For two reasons.
First, in spite of the big budget, and the big Benedict, Dr. Strange suffers from all kinds of narrative problems, and gaps in continuity. Mainly, I think, the result of trying to cram too much into a film -- trying to give a typical Marvel backstory while at the same time trying to present an exciting self-contained thriller.
(Dr. Strange also suffers from following too closely the original arcs of the original comics. And, before you start pounding on the NOT USEFUL key, you should know that this reviewer not only read all the originals in the series but actually SUBSCRIBED to Dr. Strange back in the day, which meant that the nice Marvel people actually mailed me each issue as it came out. In an envelope. The original story arcs were far from Marvel's best, compared to its better-known heroes, featuring the same two villains over and over, Nightmare and Dormammu, each taking turns boring the reader to death.)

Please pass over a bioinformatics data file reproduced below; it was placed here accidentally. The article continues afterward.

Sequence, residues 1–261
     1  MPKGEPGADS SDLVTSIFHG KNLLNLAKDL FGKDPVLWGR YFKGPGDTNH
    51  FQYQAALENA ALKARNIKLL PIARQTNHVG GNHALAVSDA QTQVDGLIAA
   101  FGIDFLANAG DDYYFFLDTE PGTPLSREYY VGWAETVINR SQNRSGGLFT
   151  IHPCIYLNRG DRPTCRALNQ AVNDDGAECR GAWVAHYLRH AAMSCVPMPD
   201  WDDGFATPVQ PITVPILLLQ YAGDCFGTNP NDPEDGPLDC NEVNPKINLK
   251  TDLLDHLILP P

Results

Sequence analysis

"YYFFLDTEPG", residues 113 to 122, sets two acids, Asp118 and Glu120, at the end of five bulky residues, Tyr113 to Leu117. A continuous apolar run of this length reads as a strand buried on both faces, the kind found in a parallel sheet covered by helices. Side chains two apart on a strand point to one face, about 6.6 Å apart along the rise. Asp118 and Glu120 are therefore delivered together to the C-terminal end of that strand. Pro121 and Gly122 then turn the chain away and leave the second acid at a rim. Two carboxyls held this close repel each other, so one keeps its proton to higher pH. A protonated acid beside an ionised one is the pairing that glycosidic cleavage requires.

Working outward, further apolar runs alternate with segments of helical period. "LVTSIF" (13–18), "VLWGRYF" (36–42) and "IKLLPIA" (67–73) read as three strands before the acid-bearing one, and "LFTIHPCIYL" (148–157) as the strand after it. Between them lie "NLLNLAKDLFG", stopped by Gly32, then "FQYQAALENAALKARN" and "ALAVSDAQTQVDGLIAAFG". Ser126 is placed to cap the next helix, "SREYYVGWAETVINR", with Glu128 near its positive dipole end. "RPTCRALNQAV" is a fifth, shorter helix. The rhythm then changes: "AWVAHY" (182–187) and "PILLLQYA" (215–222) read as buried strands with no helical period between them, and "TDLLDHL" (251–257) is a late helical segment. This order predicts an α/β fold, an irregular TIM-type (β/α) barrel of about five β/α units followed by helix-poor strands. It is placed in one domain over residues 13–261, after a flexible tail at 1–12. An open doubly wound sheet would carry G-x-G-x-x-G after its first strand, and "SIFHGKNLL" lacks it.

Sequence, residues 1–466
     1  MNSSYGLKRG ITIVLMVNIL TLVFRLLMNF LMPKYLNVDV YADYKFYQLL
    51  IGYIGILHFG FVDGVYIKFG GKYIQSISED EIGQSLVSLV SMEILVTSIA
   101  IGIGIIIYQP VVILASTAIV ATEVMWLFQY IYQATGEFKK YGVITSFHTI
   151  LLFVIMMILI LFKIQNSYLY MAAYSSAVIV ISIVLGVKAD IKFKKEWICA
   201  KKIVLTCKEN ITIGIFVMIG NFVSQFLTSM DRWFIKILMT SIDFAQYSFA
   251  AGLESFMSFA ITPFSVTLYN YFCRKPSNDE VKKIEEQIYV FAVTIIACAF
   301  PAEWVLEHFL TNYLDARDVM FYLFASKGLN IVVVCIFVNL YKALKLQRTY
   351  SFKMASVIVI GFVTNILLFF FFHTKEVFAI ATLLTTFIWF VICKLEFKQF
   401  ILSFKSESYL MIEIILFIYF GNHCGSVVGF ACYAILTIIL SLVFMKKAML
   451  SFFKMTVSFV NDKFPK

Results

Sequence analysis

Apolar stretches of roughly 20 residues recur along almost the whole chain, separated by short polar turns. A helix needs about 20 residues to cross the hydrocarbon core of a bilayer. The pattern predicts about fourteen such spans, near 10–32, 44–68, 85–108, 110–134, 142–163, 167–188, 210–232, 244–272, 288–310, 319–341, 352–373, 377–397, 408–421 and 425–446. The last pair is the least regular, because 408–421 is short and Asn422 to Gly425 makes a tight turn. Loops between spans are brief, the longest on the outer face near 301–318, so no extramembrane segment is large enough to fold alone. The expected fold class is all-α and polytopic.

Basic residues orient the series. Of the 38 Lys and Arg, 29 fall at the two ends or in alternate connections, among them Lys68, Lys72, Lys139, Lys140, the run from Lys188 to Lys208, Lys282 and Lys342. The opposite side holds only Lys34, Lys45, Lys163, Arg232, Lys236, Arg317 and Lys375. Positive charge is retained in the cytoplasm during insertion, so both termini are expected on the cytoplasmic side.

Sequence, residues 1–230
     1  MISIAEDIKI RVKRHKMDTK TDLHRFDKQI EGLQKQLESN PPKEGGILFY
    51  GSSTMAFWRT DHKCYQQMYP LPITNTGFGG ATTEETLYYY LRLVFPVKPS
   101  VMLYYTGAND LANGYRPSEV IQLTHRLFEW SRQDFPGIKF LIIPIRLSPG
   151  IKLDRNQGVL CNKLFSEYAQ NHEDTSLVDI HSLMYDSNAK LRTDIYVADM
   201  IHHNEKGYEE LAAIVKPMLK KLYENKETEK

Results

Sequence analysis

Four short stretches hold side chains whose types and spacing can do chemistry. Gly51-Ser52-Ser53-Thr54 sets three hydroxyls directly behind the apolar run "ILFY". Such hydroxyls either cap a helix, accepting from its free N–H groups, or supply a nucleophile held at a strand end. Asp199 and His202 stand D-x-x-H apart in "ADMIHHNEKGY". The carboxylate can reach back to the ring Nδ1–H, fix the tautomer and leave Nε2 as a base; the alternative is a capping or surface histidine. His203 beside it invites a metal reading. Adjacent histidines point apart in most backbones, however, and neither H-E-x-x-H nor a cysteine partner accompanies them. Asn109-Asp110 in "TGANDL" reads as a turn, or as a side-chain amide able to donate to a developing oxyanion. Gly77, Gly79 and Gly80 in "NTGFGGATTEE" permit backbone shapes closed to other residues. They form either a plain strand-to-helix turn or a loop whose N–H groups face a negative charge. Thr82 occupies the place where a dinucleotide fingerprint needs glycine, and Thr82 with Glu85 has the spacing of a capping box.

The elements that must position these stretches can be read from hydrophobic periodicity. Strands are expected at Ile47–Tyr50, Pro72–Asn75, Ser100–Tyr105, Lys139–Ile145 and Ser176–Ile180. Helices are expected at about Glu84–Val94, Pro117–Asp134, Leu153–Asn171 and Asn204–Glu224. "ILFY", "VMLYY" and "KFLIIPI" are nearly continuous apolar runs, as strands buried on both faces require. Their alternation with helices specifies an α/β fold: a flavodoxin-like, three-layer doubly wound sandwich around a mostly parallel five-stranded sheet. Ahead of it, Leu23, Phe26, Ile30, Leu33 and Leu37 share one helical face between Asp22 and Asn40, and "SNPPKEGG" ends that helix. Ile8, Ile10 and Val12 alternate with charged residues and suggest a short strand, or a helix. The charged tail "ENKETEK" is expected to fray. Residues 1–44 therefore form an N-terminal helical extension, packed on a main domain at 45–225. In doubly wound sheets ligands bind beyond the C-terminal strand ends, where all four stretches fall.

Which brings us to this ambitious JLA entry, an attempt to show that the mighty DC library can possibly take on the mighty Marvel library, sort of a David Goliath thing....? Frankly, they nail it.
Part of the fun is the script. Man, is it tight. One of the best I have ever encountered in a "superhero" animation. Early in the story, a hot babe who is actually the essence of Constantine's magic house does a 30 second analysis of Batman and concludes he is mainly pain and darkness.
"How do you manage?," she asks sincerely.
"I HAVE A BUTLER" Batman responds deadpan.
That is one of the best lines of dialog I have ever encountered from DC. You could even hear the guys over at Pixar getting nervous. And, even better, the quality of the writing holds up for the entire film. Wow.
To sum up, the high score is because DC/Warner attempted the impossible, taking on a Marvel live action film with their own animated product at a fraction of the cost, and more or less pulled it off. And because the boyz at DC/Warner understood that sometimes less is more, and wisely kept the other (over-exposed) members of the JLA in the background. And, most of all, because this is an entertaining and engaging film.